Gold's London AM fix this morning was USD 1,806.00, EUR 1,326.38, and GBP 1,143.33 per ounce. Yesterday's AM fix was USD 1,843.00, EUR 1,354.94, and GBP 1,164.10 per ounce.
Heightened worries about the sovereign debt crisis in Europe and contagion remain supportive of safe haven demand for bullion and therefore this sell off has all the hallmarks of another correction and healthy consolidation.
The primary reason would appear to be that gold was overbought in the short term and speculative players decided to take profits. Official intervention, as has recently been seen in currency markets, may also have been a factor.
Many suggested that yesterday's sell off was due to margin calls and wholesale liquidation of equity and other positions across the board.
However, if that was the case gold should have bounced as U.S. equities recovered yesterday. Liquidation driven selling should have seen commodities fall as well as equities but oil was $1 higher to $88.19 and the CRB only fell 0.14 to 334.10.
This sell off is likely to be shallow and of short duration again due to strong investment demand and physical demand from central banks and store of wealth buyers in Asia.
Support is at $1,790/oz and below that at $1,773/oz and strong support at $1,700/oz.
Recent record highs were driven by broad based global demand with speculative interest remaining negligible.
However, the recent sell off has seen speculators in gold futures raise their holdings last week for the first time since late July.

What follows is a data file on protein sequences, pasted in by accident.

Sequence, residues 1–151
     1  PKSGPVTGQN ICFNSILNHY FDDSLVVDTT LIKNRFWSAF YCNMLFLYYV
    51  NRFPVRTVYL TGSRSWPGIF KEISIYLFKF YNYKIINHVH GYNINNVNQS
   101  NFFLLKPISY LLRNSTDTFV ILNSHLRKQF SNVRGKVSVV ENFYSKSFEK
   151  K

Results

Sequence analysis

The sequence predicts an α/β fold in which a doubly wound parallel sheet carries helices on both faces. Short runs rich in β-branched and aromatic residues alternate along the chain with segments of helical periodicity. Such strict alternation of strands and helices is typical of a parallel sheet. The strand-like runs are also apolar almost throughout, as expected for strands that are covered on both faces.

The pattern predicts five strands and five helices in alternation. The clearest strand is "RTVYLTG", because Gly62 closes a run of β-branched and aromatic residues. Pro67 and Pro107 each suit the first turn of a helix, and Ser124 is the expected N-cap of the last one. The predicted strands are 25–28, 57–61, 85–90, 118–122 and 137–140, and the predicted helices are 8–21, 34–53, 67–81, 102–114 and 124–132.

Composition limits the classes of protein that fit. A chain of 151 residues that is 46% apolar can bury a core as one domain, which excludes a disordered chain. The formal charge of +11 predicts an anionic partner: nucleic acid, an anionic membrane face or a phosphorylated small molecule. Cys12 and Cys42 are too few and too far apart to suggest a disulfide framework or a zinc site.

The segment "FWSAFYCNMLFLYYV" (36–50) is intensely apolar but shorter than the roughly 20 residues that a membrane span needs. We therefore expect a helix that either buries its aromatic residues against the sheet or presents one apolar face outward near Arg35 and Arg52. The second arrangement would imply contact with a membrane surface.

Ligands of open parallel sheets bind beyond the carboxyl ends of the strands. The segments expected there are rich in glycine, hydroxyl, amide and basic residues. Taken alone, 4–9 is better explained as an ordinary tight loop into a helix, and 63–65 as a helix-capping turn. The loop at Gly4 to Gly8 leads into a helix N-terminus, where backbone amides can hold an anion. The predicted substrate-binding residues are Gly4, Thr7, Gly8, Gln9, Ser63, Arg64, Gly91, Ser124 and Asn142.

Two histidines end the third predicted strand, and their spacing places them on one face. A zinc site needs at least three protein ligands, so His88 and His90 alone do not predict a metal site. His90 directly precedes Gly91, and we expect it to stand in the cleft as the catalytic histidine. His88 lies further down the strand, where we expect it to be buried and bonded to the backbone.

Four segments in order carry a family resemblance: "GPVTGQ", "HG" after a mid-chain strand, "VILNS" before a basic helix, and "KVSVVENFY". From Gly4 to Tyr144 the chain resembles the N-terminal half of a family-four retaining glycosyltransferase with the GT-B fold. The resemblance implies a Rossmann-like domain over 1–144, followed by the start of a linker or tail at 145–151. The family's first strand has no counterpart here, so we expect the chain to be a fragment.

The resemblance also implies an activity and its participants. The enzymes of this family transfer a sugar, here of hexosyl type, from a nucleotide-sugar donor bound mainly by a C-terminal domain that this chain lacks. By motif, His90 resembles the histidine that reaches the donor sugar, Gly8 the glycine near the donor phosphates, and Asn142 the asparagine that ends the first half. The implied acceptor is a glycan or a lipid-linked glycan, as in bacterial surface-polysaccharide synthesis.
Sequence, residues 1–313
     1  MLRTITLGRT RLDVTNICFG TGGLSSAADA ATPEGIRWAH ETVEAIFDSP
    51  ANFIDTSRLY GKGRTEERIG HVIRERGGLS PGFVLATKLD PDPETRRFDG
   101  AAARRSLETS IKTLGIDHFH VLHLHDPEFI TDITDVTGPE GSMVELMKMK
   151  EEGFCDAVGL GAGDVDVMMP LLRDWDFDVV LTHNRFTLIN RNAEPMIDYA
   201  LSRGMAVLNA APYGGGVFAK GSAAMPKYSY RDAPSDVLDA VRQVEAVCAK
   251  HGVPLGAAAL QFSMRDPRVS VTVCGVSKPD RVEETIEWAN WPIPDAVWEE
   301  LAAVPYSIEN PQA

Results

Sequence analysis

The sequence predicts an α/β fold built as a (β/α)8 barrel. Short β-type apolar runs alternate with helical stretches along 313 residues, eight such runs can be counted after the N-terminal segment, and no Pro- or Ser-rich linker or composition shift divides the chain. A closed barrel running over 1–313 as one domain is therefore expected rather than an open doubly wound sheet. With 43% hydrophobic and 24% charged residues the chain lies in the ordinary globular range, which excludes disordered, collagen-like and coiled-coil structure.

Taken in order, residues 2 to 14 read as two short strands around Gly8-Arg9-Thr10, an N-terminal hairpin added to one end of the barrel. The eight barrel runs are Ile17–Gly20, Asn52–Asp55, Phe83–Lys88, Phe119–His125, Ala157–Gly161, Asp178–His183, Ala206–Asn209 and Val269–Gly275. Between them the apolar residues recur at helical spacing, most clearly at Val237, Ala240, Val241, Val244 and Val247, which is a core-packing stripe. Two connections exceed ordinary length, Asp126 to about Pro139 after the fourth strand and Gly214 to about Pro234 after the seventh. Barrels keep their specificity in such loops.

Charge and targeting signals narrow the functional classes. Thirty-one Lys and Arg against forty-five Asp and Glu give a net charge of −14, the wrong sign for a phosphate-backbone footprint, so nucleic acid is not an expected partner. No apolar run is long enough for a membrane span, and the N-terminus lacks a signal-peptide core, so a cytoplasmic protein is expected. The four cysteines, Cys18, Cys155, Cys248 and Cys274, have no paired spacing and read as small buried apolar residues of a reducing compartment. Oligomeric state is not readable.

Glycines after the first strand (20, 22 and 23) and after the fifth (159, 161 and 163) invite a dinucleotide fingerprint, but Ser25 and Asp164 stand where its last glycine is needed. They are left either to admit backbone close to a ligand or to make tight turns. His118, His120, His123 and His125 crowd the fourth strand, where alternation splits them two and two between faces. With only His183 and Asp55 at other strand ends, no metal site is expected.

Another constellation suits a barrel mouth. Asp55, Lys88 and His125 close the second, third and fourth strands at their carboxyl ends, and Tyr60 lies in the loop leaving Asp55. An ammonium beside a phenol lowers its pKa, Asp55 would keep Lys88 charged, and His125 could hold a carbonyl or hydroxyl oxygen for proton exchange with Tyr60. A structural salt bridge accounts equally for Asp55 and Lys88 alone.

Last week, buyers of exchange-traded funds raised their holdings for the first time last week since mid August.
The sovereign debt crisis in the Eurozone and the risks posed to the U.S. economy is leading to safe haven demand from Europe and Asia. Very strong demand for gold has been seen from Germany in recent days.
Meanwhile in Asia, very high inflation is leading to demand for bullion.
With the decline in gold prices from last week's record high, buyers have emerged in major Asian economies such as Indonesia, Thailand and Vietnam according to Reuters.
Demand in Vietnam remains very high with premiums of $31.42 over the spot price of $1,849.20/oz seen yesterday.
Physical trading in India has been subdued in recent days after strong demand seen recently. Indian ex duty premiums were low for the AM and PM London fixes yesterday. Indian traders will buy again on this dip in order to acquire stock for the upcoming festivals and weddings.
India is the biggest consumer of bullion followed by China who is catching up fast in terms of per capita consumption.
Wedding and festival demand in India is expected to gain pace in traditionally strong months of October and November.
India and China remain the key fundamental drivers of the gold market. Inflation hedging demand in India and China is set to continue for the foreseeable future with official inflation in India at 9% and official inflation in China at 6.5% (most recent inflation figures).
India's inflation has remained stubbornly above 9% this year despite the central bank raising interest rates 11 times since March 2010. Similarly, China's government has been tightening monetary policy in a bid to cool inflation.
India's gold demand jumped 38% in the second quarter of 2011 from the same period a year earlier and China's by 25%.
Demand for gold bars and coins leapt 78% in India and by 44% in the period.
Gold's bull market will continue as long as the sovereign debt crisis in the Eurozone, economic problems in the U.S. are unresolved and inflation in Asia continues to drive demand from buyers and central banks.